Stumbleupon is a great tool to bring new people to your site, and works great for branding. But most of the time you read about it on forums and in social media people are bashing it. I’m convinced that many of the people who are bashing it haven’t figured out the key to getting good traffic from it. I’ll attempt to help with this short post.
What is Stumbleupon?
Stumbleupon is one of those neat little tools that came out in the mid-2000s that was a great idea that was pretty much ignored by the masses. It’s an idea that’s still good, and hasn’t really been copied but it’s starting to take off. The idea is you have a toolbar in your browser, and when you go to webpages you like, you “stumble” them, which is essentially just bookmarking them. You keep a list of pages and sites you like and you can go back later to check them out, and share the bookmarks with your friends. What’s great about Stumbleupon is the ‘stumble” feature itself. You can click “stumble” and it will try to find the type of pages and sites you like, based on your own stumbles. It gives you pages other people have stumbled and you can “like” it or dislike it.
Is it a good marketing tool?
The answer to that is yes and no. It’s a good marketing tool if you have something really good, and people are interested in it. It’s much like Digg was in it’s heyday. If you are simply spamming Digg with pages nobody is interested in you won’t get much traffic. But if you build clout within the community and Digg useful, unique stuff it sends lots of traffic. Stumbleupon is no different.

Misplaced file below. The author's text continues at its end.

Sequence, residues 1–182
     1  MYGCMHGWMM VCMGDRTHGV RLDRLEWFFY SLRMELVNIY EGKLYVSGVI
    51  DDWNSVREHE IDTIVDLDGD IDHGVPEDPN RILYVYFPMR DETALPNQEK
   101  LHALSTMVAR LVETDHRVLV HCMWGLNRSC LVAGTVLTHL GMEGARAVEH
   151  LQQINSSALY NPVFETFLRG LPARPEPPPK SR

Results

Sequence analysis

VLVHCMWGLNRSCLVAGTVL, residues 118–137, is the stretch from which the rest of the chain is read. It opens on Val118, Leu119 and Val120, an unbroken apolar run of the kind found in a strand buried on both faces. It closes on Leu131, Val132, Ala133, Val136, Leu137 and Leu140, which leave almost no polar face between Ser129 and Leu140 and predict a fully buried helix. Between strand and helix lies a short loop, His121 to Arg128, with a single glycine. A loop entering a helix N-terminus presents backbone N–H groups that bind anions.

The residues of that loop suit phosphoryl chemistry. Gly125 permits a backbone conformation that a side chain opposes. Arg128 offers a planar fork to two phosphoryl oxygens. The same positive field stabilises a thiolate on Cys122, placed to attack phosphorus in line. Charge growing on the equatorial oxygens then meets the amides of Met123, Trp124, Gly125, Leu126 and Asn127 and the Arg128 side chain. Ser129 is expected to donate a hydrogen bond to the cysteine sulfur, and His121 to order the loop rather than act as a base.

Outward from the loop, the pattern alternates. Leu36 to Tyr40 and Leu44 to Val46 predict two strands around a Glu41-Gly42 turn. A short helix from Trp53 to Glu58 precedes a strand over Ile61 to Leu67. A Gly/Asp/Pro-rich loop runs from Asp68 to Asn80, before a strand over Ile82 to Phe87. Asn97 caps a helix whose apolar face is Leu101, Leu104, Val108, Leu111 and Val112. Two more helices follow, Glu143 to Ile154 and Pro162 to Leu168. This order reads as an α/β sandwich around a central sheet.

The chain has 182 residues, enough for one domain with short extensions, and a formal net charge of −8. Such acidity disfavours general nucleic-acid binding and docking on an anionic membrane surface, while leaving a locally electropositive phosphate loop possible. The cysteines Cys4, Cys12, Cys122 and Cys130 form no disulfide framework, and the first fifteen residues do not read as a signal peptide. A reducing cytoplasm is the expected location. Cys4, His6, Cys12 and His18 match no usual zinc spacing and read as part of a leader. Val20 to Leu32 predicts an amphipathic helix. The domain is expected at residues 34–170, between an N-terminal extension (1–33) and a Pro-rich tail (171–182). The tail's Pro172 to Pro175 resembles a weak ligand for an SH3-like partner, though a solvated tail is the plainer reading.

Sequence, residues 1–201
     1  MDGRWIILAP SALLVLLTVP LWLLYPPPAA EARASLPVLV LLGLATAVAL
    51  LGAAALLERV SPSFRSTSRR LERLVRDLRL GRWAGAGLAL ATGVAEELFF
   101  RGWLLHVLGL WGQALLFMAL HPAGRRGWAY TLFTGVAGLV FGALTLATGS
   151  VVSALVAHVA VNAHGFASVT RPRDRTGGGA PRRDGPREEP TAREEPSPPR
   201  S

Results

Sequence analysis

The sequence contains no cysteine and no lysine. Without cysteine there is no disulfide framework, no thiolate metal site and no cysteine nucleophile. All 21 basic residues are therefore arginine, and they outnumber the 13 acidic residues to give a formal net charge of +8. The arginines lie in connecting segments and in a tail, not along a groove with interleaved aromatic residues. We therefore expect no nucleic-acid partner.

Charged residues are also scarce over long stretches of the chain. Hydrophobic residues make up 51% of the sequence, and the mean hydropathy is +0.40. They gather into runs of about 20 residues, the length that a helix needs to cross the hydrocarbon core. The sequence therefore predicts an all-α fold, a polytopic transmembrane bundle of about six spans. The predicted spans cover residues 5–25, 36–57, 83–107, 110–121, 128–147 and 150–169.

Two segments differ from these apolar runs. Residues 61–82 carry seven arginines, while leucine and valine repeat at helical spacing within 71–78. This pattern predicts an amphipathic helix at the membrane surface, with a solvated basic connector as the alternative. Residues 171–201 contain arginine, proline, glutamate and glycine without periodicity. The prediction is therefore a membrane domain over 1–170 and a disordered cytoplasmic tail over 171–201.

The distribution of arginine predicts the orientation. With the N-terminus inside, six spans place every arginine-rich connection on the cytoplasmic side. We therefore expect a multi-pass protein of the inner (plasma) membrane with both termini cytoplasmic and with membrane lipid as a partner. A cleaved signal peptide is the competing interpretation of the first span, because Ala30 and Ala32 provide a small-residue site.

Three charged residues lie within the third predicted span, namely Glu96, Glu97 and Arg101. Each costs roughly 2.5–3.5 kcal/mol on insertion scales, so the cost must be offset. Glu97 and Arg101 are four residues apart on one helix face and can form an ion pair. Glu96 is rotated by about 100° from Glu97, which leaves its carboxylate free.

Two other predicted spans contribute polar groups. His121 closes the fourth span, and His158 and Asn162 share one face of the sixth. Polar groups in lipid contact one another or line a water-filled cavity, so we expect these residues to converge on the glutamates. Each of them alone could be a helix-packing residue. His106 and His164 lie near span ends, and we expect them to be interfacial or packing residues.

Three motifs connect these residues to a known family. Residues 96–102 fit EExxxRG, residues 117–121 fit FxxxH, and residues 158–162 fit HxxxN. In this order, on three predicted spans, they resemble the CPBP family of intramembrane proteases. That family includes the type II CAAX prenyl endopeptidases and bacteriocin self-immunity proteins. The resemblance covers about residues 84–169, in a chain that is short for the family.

When it brings traffic, it brings lots of traffic. Sometimes thousands of hits per day.
There is a community factor to it, so if you get the right person to stumble it, it will grow quickly.
It’s actually useful as a user as well, you can find a lot of relevant stuff that’s very interesting.
If you post too much of your own stuff, you’ll get buried and nobody will see your stumbles. (Good for the users, bad for marketers).
The attention span of this group is very short and people quickly skim pages.
May affect your bounce rate negatively if people are stumbling quickly (Like channel surfing)
If it doesn’t fall into a niche people will ignore it.
How do you succeed?
This answer is simple and complicated at the same time. The simple answer is “give stumblers what they want”. The hard part is creating that. Stumblers tend to really like certain things, such as:
These things get stumbled a lot. If you have a funny article about a celebrity it will blow up. If you provide a long article talking about the details of a marketing strategy they wont. If you’re trying to directly sell a product, it will be ignored. Stumblers are looking for something unique, or a how to article. They want something new and fresh that will keep them entertained. They don’t want to be sold anything. So if you’re running a site such as jeremymorgan.com, stumbleupon is great. People want articles and how tos, and want to read my stuff, so generally when I stumble it I can expect at least a few thousand new eyes from there. If you want “stumble” every page of your online store or a landing page selling a product you can expect very minimal hits.
So as a general rule:
Make it “sticky” or unique.
Provide something interesting.
Give a “how to” or explain how something works.
Give an interesting article that informs or entertains.
Give them something funny, or an interesting video.
Photography or Photoshop stuff is always a big hit.
Get their attention in seconds, not minutes. Keep the interesting stuff at the top of the page.
If you do this, you can expect some pretty good results. You’ll get a good influx of traffic and a percentage of them will bookmark you and come back. You’ll also find they stumble pages for you. If you want to spam the site, don’t waste your time. Their anti-spam measures are good and the audience votes so you’ll be spending a lot of time for nothing.
I will elaborate more on this later, but I hope this helps. Go check it out and start stumbling!